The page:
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The Whole Story

National Geographic
(September 1932), 358-67.

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Page 1

The Address of Acceptance

Hazards Not Quite So Manifest as Described

Page 2

Menaced by the Dread Ice Hazard

Three Types of Compasses Showed the Way

Page 3
Not Troubled by Drowsiness

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The Society's Special Medal Awarded to Amelia Earhart
By Gilbert Hovey Grosvenor

Amelia Earhart Story Story

Photo by Underwood & Underwood

In the group from left to right are: Dr. Gilbert Grosvenor, President Hoover, Amelia Earhart Putnam, and Mrs. Hoover. In the back row: George Palmer Putnam and Dr. John Oliver La Gorce, Vice-President of The Society.

The Address of Acceptance

In accepting The Society's Special Medal, Amelia [Earhart] Putnam said:

"Mr. President, Dr. Grosvenor, Dr. La Gorce, members of the National Geographic Society, ladies and gentlemen:

"I am deeply grateful for the medal you have bestowed upon me. I have no words in which to express my appreciation to you and to the National Geographic Society. I can but feel it is too great an honor for my exploit.

"I am going to tell you something about the trip, which was simply a personal gesture on my part. Four years ago I went on the Friendship and, as has been said, was simply a passenger. In fact, in England I was referred to as 'a sack of potatoes.' That all too-appropriate appellation, probably as much as any other single factor, inspired me to try going alone. 

"Some features of the flight I fear have been exaggerated. It made a much better story to say I landed with but one gallon of gasoline left. As a matter of fact, I had more than a hundred. The exact quantity I remember because I had to pay a tax for every gallon imported into Ireland!

Hazards Not Quite So Manifest as Described
"I did not land within six feet (2 meters) of a hedge of trees. I taxied to the upper end of a sloping pasture and turned my plane into the shelter of some trees, as a matter of course. It made a much better story the other way, I admit.

"No flames were threatening to burn my plane in the air. I did have some trouble with my exhaust manifold, of which I shall tell you later. There was no extreme hazard from that cause, however.

"I did not kill a cow in landing—unless one died of fright. Of course, I came down in a pasture and I had to circle many other pastures to find the best one. The horses, sheep, and cows in Londonderry were not used to airplanes, and so, as I flew low, they jumped up and down and displayed certain disquiet. I really was afraid that an Irishman would shoot me as I stepped out of the plane, thinking that I was just a 'smart Alec' from some big town come down to scare the cattle.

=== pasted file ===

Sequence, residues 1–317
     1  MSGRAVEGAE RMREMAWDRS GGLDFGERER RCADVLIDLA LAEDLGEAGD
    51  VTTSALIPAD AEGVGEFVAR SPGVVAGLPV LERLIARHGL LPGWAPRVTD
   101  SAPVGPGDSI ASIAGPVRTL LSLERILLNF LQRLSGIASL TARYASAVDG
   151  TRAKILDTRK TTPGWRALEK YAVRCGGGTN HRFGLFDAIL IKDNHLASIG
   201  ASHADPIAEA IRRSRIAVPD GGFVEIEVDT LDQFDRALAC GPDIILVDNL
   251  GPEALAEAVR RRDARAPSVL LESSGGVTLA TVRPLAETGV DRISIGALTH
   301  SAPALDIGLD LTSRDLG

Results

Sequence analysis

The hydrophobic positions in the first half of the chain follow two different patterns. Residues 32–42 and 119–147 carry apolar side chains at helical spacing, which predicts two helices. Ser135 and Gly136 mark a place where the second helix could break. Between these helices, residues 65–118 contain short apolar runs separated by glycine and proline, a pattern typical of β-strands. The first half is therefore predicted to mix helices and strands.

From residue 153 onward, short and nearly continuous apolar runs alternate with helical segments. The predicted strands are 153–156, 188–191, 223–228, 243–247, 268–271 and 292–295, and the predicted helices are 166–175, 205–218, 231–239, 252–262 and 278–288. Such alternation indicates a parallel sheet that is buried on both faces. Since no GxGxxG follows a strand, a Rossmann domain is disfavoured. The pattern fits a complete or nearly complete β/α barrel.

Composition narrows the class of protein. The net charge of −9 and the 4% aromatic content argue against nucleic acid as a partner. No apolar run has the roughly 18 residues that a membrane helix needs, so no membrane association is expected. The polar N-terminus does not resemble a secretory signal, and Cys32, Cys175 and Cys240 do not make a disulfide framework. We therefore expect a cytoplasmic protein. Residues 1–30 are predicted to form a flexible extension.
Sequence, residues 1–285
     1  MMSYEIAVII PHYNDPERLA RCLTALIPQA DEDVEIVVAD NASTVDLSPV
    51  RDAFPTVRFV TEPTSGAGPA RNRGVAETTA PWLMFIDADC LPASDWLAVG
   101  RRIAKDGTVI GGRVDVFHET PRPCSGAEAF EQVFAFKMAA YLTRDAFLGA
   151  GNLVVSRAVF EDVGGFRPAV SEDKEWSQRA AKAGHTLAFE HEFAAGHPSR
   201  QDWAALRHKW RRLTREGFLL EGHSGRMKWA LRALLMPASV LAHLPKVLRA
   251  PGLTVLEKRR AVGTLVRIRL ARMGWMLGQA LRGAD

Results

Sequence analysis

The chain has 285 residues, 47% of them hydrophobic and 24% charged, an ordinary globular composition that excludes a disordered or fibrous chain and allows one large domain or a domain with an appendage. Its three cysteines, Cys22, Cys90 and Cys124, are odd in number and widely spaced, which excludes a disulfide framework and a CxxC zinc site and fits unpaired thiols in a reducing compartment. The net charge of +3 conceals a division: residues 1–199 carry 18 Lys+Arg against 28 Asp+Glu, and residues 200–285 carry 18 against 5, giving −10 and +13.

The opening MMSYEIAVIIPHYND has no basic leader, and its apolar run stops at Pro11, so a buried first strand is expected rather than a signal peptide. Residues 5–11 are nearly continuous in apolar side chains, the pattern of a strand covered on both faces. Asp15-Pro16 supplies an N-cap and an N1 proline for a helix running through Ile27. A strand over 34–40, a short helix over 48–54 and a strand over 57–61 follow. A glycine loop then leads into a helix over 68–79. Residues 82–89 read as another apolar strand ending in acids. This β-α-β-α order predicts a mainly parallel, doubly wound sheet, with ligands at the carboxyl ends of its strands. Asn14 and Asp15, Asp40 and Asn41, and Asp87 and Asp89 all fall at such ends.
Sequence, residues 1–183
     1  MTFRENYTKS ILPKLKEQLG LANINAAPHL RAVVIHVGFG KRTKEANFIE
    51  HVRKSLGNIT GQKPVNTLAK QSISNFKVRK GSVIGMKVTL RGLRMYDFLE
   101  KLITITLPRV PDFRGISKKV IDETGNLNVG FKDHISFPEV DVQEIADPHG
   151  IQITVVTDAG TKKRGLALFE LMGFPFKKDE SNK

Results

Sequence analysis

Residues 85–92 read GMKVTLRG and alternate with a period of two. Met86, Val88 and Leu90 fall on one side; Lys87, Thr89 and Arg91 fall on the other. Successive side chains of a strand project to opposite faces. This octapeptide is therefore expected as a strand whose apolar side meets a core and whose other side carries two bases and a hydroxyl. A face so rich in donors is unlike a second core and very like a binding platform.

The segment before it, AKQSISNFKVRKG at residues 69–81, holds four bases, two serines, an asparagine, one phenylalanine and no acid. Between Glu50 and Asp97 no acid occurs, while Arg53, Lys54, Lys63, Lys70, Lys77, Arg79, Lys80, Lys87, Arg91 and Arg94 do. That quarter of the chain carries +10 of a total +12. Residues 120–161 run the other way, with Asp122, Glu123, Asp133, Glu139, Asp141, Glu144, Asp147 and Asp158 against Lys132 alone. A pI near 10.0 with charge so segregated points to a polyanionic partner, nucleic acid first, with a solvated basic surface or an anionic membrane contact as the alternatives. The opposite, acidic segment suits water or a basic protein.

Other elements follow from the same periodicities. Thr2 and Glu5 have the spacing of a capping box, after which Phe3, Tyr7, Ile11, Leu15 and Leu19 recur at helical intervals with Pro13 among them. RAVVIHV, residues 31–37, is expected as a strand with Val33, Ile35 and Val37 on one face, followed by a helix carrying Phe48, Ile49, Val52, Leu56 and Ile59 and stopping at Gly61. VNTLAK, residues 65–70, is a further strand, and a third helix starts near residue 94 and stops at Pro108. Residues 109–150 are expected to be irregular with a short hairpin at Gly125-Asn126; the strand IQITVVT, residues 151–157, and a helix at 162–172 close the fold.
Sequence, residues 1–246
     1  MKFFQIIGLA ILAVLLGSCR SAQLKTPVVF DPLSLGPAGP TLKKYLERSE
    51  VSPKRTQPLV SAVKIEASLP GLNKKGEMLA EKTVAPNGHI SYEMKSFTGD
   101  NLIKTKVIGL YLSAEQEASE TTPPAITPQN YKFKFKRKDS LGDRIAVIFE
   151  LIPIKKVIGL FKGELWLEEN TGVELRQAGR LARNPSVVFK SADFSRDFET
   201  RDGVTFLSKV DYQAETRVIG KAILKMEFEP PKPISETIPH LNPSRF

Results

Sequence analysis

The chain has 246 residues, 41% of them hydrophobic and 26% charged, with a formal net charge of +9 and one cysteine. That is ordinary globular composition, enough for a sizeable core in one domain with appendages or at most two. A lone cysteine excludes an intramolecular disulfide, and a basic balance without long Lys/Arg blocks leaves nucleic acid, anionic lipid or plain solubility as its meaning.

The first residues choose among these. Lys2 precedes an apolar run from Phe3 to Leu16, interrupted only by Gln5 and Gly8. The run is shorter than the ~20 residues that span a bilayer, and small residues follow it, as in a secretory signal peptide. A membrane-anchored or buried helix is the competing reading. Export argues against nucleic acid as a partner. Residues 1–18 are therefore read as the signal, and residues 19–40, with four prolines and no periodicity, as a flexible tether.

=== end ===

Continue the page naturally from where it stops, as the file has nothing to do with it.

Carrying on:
"To begin at the beginning, I left Harbour Grace at dusk. I preferred to fly all night and land on the other side in daylight rather than leave during the day and run the risk of landing, when daylight was failing, on an unknown shore. I had at least two hours of daylight or two hours when I could see the glow of the setting sun if I looked back.

"I started to keep a log, but it didn't continue very long. On that log I jotted down '8:30—two icebergs,' and a little later I recorded the fact that I had seen a small boat a couple of hours out of Harbour Grace. I was flying at 12,000 feet (4,000 meters) and I blinked my navigation lights, hoping that the vessel would sight me. However, I do not think I was seen because I received no answering signal and probably was too high to be noticed, anyway.

"Two hours after I left the moon came up over a field of little, scattered, woolly clouds. Those little woolly clouds grew compact and finally covered the ocean with their soft whiteness. I flew along with nothing happening until 11:00, when an enormous dark cloud loomed before me, stretching as far as I could see. Behind it I watched the moon finally disappear. It was entirely too high for me to climb over. I could not waste the gasoline, and flying for any length of time at 20,000 feet (4,000 meters), which was approximately the height of the cloud, is too hard on the pilot without special apparatus.

"Two things happened before I struck the storm. One was that my altimeter, the instrument which shows height above a level, had failed me for the first time in 12 years of flying; so that I could not know how high I was above the sea. The other, a weld in my exhaust begun to burn through. I knew after several hours the sections would become loosened and tend to vibrate. It was a heavy manifold and very rigidly attached to the cylinders, so that excessive vibration might have been more or less serious.

"I plunged at 11:30 into the storm cloud and met the roughest air I have ever encountered while flying completely blind. By blind I mean I could not see out of my cockpit at all. I had light there which of course, did not cast much illumination beyond the windowpane, any more than a lamp in a house throws its glow far outside. For about an hour I could not keep my course absolutely. I was tossed about to such an extent that accuracy was impossible.

"I had been told by the Weather Bureau that there were storms south of my course; possibly those storms would come on my course about midnight, but after that I should probably have moonlight and stars.
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